Golden Grove is a family-owned and operated winery, with Raymond Costanzo being a third-generation winemaker on land that his grandfather settled. Operating for decades as a fruit farm, the family also made simple table wine, pre-purchased by the barrel by Italian families in Brisbane and North Queensland. Some of Golden Grove’s vines date from its origins, the Muscat planted by Raymond’s grandfather in 1946, the Shiraz 50 years ago.

1997 was a pivotal year for the farm, owner Grace tell us, a huge hailstorm wiping out most of their fruit crop. It provided impetus for the family to move entirely into wine production, diversifying their hospitality service with a flourishing café/restaurant. They planted 40 acres of vines, including well-recognised varietals such as Cabernet, Merlot, Shiraz, Semillon and Chardonnay as well as lesser-known Italian, French and Spanish varietals Barbera, Malbec, Mouvedre, Durif and Tempranillo long before many other growers were interested in them. Vermentino and Nero D’Abolo were planted 12 years ago, Vermentino becoming one of their flagship wines.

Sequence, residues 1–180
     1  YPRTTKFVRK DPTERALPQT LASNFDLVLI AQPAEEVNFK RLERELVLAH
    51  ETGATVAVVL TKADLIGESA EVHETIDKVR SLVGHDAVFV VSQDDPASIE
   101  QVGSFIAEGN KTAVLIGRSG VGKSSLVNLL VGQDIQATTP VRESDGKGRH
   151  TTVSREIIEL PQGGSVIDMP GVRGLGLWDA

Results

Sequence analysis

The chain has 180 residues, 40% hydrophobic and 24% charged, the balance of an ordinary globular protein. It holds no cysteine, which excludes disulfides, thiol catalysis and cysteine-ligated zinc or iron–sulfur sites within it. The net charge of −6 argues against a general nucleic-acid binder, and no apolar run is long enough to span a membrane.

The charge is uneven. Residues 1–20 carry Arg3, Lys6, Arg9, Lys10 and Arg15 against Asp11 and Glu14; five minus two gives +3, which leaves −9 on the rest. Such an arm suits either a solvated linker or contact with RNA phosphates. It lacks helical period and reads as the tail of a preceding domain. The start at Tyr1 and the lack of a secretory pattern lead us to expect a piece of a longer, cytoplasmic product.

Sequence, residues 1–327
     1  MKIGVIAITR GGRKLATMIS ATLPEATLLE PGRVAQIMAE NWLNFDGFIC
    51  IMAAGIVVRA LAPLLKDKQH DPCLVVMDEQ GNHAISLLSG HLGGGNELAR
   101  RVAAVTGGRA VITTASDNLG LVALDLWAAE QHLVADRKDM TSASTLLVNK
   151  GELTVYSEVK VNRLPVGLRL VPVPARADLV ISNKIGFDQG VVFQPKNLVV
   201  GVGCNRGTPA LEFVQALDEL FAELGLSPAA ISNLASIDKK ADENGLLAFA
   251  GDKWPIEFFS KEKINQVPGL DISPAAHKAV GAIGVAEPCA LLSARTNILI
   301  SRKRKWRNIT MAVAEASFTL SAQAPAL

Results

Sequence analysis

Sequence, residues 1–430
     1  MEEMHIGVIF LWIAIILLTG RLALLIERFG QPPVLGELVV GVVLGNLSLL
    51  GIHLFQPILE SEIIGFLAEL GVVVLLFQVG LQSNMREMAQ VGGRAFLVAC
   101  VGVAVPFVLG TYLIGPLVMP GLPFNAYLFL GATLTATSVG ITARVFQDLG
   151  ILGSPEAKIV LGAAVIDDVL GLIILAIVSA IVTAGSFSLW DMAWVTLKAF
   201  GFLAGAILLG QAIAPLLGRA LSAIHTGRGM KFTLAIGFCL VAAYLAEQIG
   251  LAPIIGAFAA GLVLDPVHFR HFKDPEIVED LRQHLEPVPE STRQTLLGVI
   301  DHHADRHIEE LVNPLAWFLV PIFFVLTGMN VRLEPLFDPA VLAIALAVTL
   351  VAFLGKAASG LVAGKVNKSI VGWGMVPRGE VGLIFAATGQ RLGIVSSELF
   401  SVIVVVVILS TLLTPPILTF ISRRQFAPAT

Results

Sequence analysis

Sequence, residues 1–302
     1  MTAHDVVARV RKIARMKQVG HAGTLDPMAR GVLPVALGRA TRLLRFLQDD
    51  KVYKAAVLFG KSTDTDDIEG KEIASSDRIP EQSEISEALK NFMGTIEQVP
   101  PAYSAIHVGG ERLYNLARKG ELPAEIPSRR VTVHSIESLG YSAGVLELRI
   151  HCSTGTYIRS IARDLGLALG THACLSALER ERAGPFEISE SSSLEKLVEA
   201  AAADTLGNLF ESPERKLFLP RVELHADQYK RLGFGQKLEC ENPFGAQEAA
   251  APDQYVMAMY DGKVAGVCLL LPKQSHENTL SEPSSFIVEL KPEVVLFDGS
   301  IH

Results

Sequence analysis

Golden Grove’s award-winning wines include The Little White Box, a Rhône GSM blend (awarded 95 points by James Halliday), made in tribute to owner Sam Costanzo by his son, named after the grafting box Sam used as a teenager.

“One of the benefits of Covid has been that more Queenslanders have visited the Granite Belt than previously, with tourist numbers rising by 30 – 40% over previous years,” Grace Costanzo tells us.

“Every bottle tells a story of people, place and passion,” Angelo Puglisi says, and there are many stories to be told. These stories provide context for the wine discoveries you bring home from your trip to enjoy in the weeks ahead. So, come join us on the road.

NOTE: It’s worth planning your Vine and Shine Trail journey, ringing ahead to make bookings for tastings. This way you can plan to meet some of the winemakers, relaxing with a bite to eat along the way.